Why Partners Need Complementary Strengths by Wagner and Muller

Today Debbie and I are helping people connected to Gateway Church in Austin maximize their relationships using their strengths.

Some fantastic research from Gallup has been shared in an article called “Why Partners Need Complementary Strengths” by Rodd Wagner and Gale Muller.

Here are some of their insights:

“The best [collaborations] happen when you and someone who has strengths that complement yours join forces and focus on a single goal. Your strengths cancel out your partner’s weaknesses, and vice versa. You accomplish together what could not be done separately.

Before you can forge a successful alliance, you must understand what you bring to the combination, and equally important, what you don’t. Collaboration is more than doubling up — more than just twice the oxygen or twice the acetylene. The key to achieving success is not trying to be someone else or striving to be as good as your collaborator at whatever he does best or seeking to be universally proficient. It’s in discovering your own exceptional abilities, recognizing your weaknesses, and understanding how someone else’s abilities complement your own.

Three of these statements emerged as the most important for determining how well your abilities mesh with those of your collaborator:

  • We complement each other’s strengths.
  • We need each other to get the job done.
  • He or she does some things much better than I do, and I do some things much better than he or she does.

Anything crucial to accomplishing the goal that one person lacks and the other has increases your rationale for working together. Sometimes what’s required is the difference in how the two of you think or act. One consistently sees the potential; the other routinely sees the risks. One generates ideas; the other puts them into production. One is good with technology; the other is good with people.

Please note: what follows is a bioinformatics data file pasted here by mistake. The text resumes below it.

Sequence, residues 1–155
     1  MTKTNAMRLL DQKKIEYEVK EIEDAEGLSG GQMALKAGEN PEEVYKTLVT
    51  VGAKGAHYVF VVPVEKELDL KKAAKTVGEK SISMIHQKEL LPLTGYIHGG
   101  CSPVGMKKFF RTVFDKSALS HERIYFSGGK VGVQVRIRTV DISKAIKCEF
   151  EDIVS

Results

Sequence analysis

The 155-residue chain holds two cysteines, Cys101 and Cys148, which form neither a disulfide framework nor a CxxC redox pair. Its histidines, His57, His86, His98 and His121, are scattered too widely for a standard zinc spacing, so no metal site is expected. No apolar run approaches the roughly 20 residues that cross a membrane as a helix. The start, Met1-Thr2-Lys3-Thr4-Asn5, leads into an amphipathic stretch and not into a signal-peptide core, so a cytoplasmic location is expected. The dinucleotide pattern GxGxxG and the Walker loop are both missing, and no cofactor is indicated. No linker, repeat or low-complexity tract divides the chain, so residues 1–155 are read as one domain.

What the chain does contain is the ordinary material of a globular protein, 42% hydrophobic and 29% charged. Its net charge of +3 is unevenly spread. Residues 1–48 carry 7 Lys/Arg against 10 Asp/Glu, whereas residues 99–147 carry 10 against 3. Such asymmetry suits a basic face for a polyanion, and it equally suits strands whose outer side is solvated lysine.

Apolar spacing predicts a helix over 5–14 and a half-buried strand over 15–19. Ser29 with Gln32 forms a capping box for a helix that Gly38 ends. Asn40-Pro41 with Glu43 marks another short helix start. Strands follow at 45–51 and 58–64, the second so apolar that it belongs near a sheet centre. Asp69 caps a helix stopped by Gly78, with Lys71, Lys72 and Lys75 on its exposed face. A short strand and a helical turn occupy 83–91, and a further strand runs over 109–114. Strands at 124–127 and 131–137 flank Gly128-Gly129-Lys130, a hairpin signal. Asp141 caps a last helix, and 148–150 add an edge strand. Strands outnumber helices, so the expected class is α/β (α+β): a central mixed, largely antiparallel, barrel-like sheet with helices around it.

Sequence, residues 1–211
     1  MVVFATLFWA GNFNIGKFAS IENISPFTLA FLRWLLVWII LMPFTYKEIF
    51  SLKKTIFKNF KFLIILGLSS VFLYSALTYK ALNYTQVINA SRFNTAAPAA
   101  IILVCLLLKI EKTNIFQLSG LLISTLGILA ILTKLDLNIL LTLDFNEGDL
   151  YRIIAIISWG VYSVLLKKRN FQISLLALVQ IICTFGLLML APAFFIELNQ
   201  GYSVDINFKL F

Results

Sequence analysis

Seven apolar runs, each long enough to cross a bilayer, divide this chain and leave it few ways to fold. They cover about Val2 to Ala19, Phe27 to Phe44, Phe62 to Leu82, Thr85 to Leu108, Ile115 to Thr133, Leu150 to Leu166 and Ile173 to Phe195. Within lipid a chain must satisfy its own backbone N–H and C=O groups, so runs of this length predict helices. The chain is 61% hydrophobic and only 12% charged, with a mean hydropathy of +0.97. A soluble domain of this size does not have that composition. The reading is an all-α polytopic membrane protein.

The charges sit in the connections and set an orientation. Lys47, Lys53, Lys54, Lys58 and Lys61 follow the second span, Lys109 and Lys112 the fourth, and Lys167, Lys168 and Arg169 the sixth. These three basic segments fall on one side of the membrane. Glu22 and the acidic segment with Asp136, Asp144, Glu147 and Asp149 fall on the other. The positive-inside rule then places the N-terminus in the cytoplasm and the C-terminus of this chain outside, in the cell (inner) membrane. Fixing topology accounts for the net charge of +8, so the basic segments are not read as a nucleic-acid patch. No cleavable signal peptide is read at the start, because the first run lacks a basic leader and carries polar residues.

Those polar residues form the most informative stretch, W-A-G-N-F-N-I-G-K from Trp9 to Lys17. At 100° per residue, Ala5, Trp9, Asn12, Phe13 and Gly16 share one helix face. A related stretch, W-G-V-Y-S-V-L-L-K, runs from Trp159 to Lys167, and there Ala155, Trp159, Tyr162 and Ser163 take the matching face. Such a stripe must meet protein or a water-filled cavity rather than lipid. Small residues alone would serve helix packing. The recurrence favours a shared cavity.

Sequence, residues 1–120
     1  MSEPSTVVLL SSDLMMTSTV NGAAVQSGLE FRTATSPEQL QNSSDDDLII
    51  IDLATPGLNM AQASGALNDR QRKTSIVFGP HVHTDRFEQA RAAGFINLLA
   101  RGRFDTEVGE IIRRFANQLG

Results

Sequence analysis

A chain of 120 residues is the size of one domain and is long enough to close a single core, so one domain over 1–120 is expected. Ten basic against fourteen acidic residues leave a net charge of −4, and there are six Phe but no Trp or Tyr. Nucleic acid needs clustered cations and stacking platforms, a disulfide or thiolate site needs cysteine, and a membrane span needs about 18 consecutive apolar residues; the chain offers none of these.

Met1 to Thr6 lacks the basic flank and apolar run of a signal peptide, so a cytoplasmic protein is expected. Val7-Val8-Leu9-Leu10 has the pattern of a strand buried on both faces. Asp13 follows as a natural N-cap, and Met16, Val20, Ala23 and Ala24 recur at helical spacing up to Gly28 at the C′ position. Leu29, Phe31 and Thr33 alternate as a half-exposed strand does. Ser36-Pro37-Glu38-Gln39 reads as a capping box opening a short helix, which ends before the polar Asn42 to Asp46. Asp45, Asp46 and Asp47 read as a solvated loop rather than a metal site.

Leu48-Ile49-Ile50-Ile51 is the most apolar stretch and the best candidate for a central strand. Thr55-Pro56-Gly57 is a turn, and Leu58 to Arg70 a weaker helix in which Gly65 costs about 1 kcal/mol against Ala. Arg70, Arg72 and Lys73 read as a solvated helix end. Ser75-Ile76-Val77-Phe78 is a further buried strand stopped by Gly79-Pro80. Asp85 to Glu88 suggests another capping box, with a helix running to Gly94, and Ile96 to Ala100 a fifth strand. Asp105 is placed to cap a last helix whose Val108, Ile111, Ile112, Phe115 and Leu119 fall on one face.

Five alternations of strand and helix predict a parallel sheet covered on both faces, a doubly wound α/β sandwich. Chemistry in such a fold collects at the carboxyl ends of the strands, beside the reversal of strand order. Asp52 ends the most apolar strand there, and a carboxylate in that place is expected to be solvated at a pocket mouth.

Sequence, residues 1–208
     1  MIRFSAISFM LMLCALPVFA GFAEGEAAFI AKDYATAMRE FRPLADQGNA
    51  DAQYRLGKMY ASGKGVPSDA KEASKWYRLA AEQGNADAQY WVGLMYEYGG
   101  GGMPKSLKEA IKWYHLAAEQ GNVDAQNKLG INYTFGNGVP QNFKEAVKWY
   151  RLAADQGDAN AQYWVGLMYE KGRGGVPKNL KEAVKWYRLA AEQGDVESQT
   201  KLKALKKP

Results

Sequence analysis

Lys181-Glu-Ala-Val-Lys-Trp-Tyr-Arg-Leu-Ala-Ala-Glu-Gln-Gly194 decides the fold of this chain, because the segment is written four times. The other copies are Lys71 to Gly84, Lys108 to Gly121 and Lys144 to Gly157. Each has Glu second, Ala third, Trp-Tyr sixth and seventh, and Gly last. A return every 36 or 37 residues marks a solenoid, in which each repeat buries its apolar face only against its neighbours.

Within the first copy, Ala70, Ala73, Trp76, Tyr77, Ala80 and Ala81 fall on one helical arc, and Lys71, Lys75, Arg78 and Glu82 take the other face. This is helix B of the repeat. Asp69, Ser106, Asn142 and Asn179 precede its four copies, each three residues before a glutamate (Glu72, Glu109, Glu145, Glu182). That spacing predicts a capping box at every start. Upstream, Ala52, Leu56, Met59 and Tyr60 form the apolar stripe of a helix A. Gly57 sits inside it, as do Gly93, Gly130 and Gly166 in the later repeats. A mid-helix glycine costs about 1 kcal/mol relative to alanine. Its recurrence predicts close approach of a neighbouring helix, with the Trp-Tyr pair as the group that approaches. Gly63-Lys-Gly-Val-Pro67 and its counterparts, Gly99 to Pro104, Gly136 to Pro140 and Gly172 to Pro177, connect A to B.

A successful collaborator must resist the ego-gratifying temptation to take too much credit. If a person honestly recognizes that his counterpart does some things much better than he does and that he needs the other person to get the job done, he is less susceptible to fall into the trap of conceit. In a strong partnership, both participants are always promoting the abilities of the other. They constantly speak in terms of “we” or “us,” rather than “I” or “me.”

So admit it: You stink at some things. You have blind spots, weaknesses, areas in which others seem to perform effortlessly while you struggle just to be average. You are also overly modest about your strengths. What seems to be no big deal to you is difficult for others. Your strengths are stronger and your weaknesses weaker than you realize. You need help. You are also precisely the help someone else needs.”

Read the entire article here or read more of their findings in the book Power of 2: How to Make the Most of Your Partnerships at Work and in Life by Rodd Wagner and Gale Muller.

To take Gallup’s StrengthsFinder online assessment, go here. You can get your top 5 strengths for $9.99 or all 34 strengths for $89.99!

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